For most internet startups, "abuse" means users violating the terms of service by posting hate speech or sending spam or advertising adult services. But in some parts of the tech industry, the stakes are different. The cybersecurity firm Intelliagg didn't set out to hunt down child abusers. But when the problem fell in its lap, the company's staff didn't feel like they could stand by and do nothing. Intelliagg didn't just call the cops -- the company also offered up its services to them, pro bono.
An important part of Intelliagg's day-to-day work is indexing the whole internet. But there's a problem with doing that -- you run into thousands of very unsavory characters. Some of them spend their time on outright child pornography sites, looking for sexual photos and videos of minors, as well as sharing their sick fantasies.
Intelliagg doesn't intentionally seek out child porn sites, but the content inevitably ends up in its system. That's what happens when you ingest every piece of accessible online material. In order to deal with the problem. Intelliagg, which is based in London and San Francisco, has formed relationships with law enforcement agencies in the U.K. and the U.S. The company hopes to help arrest some of the people who disseminate child pornography online.
How it works.
Why exactly is Intelliagg encountering child porn in the first place? Well, the company doesn't index just the parts of the internet that you can access through Google, a.k.a. the open web. Intelliagg also "spiders," or digitally trawls, most of the deep web and the darknets.
The deep web entails any website closed off from free access -- a membership site like Facebook qualifies, for example. (Banking portals are also part of the deep web, but Intelliagg avoids them for obvious reasons.) The darknets, on the other hand, act as versions of the internet that can be accessed only with special software, such as Tor or I2P.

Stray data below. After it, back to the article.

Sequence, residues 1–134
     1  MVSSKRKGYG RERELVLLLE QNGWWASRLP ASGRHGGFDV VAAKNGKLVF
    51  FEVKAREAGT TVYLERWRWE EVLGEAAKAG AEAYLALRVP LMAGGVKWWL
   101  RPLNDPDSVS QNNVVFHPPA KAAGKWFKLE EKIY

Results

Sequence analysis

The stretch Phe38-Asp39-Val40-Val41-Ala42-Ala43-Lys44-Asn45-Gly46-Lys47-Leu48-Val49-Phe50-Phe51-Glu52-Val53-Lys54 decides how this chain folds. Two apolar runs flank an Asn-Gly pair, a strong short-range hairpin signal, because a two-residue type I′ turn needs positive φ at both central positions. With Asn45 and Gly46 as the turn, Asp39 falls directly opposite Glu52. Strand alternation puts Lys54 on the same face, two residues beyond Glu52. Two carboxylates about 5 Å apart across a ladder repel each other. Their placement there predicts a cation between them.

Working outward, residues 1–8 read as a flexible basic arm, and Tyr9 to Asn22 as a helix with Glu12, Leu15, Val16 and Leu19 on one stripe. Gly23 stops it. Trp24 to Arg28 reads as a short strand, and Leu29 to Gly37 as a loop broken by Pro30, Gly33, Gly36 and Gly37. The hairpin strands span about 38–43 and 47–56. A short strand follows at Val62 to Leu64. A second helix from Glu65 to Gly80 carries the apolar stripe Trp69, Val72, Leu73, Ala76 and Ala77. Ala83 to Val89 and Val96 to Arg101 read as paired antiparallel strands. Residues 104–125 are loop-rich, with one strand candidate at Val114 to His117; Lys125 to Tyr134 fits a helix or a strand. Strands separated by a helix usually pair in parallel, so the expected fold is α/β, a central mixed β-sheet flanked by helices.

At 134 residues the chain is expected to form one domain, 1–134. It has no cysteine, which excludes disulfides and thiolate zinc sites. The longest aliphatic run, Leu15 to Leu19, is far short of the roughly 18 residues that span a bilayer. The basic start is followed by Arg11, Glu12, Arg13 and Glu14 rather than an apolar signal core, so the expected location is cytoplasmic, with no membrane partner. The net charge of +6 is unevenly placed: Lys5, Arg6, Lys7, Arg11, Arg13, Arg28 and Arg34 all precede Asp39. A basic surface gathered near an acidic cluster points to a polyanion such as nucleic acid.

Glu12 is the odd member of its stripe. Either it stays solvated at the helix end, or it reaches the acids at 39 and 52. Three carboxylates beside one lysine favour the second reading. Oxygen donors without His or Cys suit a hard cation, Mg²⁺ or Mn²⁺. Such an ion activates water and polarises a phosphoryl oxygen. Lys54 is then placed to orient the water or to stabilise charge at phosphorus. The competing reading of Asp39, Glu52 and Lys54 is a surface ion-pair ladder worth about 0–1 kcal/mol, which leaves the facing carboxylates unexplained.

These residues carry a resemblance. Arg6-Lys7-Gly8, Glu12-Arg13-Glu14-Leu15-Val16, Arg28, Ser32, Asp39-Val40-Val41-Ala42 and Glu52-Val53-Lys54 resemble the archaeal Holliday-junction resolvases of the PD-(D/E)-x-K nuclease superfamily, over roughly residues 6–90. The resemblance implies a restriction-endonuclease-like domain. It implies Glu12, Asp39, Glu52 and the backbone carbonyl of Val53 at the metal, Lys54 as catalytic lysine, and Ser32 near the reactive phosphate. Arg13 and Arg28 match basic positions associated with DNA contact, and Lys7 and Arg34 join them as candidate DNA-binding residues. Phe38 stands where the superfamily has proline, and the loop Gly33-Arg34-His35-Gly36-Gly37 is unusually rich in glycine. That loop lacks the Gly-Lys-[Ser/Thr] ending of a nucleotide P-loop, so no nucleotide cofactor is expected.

Intelliagg scans all three domains to gather intelligence for its clients, whose purposes range from detecting breaches of personally identifiable information, which happen when a website gets hacked, to pinpointing death threats against high-profile personnel. The technology that Intelliagg has built can find those crucial needles in the haystack by automatically sifting through reams and reams of data. For example, Intelliagg informed one of its clients, a news organization, when a war reporter was being discussed on a jihadist forum. The journalist was able to change hotels at the last minute and avoid being hurt.
"We call it content-based threat intelligence," Intelliagg R&D executive Eric Michaud told Inc. "We augment security teams who already do this." Some of those teams are still sitting in a room, typing queries into Google, and trying to find useful information that way. "We go through millions and millions and millions and millions of URLs and pages per day, which is way faster than a human could ever do it, so we basically make them way more productive."
And that leads to accessing child porn. "Most CP sites have moved onto Tor hidden services, and our system finds practically every Tor hidden service," Michaud said. "Our system also automatically creates logins and starts indexing," which helps Intelliagg ingest content from the deep web and the darknets as well as the open web.